My Friend Breathes Music

being in the presentDo you have this superpower? My friend is a social worker with a difficult job working on the inpatient unit of a mental health hospital. She has a forty-minute commute to work each day.

I was talking with her about an audiobook I was listening to while driving to my office one day. She seemed surprised that anyone would listen to a book while riding in the car. Her commentary was, “Music is like breathing for me. It’s life!”

That statement would not be so incredible if it were not for the fact that I could literally feel the joy emanating from her as she spoke those words. It was like happiness was dancing in her eyes, putting on a full Broadway production instead of the usual little sparkle that hints at joy.

She told me of some of the difficulties she faces at work and the way the music lifts her up, preparing her mind to embrace what good she can find during each workday. At least, that’s what I reflected back to her as I tried to practice good listening skills.

She corrected me by noting I had missed the point. “You’re close, James, but it’s a little deeper than that. I don’t use music as a tool to change my mental state. I become one with the music. I am the music. It’s my security and it’s my power.”

She went on to describe the way she rides the rhythms and the vibration of the music, experiencing it as a form of harmony or oneness. She explained how she rides that wave of power, security, and energy through the difficult interactions she faces during the course of each workday. All she has to do is let the fresh memory of the music play in her mind.

As I listened to her speak, I realized I understood what she was talking about. I recognized the experience she was struggling to put into words. It’s not something that can be spoken about easily because it has to do with subtle changes in your consciousness and your perspective.

Pondering this conversation later, I realized I had a few experiences of briefly working with a few clients that seemed to have the same relationship with music. It may not be a coincidence that my interaction with those clients was very brief. While they leveraged my skill set to their advantage, they already had the significant advantage that comes with the ability to breathe music.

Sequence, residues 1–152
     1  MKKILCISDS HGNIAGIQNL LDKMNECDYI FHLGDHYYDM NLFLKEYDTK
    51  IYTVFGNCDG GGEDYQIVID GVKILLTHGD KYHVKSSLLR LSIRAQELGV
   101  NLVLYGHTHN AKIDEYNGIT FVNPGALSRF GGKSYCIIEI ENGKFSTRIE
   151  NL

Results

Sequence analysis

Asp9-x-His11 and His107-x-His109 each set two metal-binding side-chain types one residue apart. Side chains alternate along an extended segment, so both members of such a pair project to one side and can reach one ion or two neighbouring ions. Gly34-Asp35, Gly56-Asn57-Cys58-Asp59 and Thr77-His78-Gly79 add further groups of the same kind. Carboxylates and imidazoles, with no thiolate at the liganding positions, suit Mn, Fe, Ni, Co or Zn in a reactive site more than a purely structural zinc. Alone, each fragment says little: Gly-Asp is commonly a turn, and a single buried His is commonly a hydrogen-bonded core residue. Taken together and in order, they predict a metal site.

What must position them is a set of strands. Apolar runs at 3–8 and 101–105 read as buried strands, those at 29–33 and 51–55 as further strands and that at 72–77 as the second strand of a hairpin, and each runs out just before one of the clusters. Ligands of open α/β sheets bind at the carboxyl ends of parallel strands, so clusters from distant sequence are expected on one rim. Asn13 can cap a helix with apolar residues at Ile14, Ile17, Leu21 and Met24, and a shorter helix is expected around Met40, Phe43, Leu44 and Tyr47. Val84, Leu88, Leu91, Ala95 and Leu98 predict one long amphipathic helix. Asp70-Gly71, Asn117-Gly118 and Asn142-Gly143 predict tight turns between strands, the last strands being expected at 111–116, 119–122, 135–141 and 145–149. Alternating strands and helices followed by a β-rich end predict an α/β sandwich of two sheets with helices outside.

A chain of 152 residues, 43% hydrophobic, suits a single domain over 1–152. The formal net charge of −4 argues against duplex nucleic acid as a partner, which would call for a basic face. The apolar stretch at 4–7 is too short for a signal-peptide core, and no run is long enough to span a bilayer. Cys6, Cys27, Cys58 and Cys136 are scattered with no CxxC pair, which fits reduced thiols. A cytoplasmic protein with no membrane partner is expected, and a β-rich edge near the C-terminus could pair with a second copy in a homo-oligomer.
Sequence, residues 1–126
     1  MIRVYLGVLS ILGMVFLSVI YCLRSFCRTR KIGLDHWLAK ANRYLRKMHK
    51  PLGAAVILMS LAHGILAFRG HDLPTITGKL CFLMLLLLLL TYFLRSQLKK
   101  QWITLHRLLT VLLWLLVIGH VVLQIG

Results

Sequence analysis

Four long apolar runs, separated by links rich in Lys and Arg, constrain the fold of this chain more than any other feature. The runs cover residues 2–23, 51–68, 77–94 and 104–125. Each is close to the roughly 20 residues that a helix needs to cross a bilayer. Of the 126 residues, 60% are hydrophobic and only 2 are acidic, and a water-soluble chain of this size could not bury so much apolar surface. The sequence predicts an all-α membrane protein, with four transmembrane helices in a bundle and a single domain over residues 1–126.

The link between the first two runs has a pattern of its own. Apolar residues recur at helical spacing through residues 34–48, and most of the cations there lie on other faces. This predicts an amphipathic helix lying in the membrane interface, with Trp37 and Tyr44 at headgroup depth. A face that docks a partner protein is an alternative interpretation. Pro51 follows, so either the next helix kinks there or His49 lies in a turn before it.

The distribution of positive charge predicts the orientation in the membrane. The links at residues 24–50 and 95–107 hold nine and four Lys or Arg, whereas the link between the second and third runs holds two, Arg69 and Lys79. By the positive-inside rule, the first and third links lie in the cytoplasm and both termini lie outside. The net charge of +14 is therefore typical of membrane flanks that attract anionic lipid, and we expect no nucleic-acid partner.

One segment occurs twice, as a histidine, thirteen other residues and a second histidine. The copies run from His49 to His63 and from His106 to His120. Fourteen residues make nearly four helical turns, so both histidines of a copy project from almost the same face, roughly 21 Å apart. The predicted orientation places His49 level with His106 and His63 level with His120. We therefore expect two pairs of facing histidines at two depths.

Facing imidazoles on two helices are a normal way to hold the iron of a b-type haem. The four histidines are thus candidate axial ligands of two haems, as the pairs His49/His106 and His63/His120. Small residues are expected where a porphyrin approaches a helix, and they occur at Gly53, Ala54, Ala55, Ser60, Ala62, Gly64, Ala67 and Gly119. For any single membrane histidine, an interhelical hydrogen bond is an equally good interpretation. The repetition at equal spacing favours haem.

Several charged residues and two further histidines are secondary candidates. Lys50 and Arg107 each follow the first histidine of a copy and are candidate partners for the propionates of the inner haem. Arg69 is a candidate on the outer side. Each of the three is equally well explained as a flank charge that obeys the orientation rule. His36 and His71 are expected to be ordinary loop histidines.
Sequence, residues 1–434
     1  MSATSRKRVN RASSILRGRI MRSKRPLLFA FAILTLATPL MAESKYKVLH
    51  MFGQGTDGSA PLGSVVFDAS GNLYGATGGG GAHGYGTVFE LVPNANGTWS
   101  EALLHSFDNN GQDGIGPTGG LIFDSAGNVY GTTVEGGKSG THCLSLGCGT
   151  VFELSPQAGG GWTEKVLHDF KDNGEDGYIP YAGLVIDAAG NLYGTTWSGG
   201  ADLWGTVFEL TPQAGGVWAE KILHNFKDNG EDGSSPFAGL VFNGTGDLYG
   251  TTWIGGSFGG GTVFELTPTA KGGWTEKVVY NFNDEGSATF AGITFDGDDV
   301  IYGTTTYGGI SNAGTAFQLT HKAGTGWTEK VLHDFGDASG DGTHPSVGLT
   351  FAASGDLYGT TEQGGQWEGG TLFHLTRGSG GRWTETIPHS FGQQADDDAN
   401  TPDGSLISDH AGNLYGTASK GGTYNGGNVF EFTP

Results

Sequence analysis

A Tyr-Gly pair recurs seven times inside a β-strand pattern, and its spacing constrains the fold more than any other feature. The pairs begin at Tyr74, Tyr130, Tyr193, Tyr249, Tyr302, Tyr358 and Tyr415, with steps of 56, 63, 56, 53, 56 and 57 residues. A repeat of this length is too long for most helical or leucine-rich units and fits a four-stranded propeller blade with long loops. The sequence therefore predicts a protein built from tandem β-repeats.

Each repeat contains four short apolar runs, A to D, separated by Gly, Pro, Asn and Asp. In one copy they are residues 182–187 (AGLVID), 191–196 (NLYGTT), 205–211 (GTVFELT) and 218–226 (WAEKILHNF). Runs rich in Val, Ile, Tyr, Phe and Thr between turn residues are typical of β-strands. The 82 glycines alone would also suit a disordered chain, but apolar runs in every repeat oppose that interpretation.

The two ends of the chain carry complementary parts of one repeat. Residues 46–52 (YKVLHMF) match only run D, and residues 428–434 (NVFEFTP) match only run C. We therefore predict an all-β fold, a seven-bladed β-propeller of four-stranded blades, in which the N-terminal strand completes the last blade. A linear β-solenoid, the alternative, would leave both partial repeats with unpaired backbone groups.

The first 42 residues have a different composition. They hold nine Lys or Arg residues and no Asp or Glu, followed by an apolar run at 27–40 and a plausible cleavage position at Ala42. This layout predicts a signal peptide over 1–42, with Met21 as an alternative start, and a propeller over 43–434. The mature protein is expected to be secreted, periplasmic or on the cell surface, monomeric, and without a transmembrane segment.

Here’s the advantage as I see it. Fresh off the high of letting music flow through you, every cell of your body is vibrating with positive energy that comes from joy. Not only that, but you experience a sort of confidence that comes from less self-consciousness. It’s like the music expands your awareness and puts you in a “flow state” in which practical outcomes seem less important (and therefore less intimidating).

Imagine arriving on the scene of a date, having just allowed the music to flow through you in this way. Imagine you had embraced the music and tried to feel the vibration of the music as it moved through your body during your ride.

Now contrast that with the opposite scenario. You’re driving your car on the way to your date. You’re rehearsing what you’ll say as you walk up to him. You’re paying attention to the feeling of worry in the pit of your stomach, anxiously anticipating his reaction to you and your reaction to him.

This second scenario just isn’t as good. One of the concepts I discuss in my training materials is the importance of embracing the present as you interact with people. Music is experienced in the present. Your mind does not skip ahead to the next part of the song while you listen to it. As result, it naturally draws us back into the present moment.

being in the presentI share these thoughts with you in case they have some use to you as you reach for ways to bring out the best in yourself. Through the process of trial and error, I hope you will find several different ways to bring your mind more fully into the present moment while embracing the dating process as it unfolds.

James


What Men Secretly Want

After consuming this short-guide, you will possess a secret that men cannot express well because it is so foundational to their view of the world that they don't even realize it is there.

Learn More

21 thoughts on “My Friend Breathes Music

  1. Hetty Frederik said:

    Does it apply to any music genre? Or would classical music or jazz be a better choice?

    • James Bauer said:

      I think those styles of music could work just as well. The key is that it activates that creative “right brain” sort of thought and flow in your mind, plus it puts you in a positive mood. If those music styles do it for you…great!

      • Cm said:

        I think sad love songs on pp radio would be a bad idea 😉

  2. Ludah Gaabinelwe said: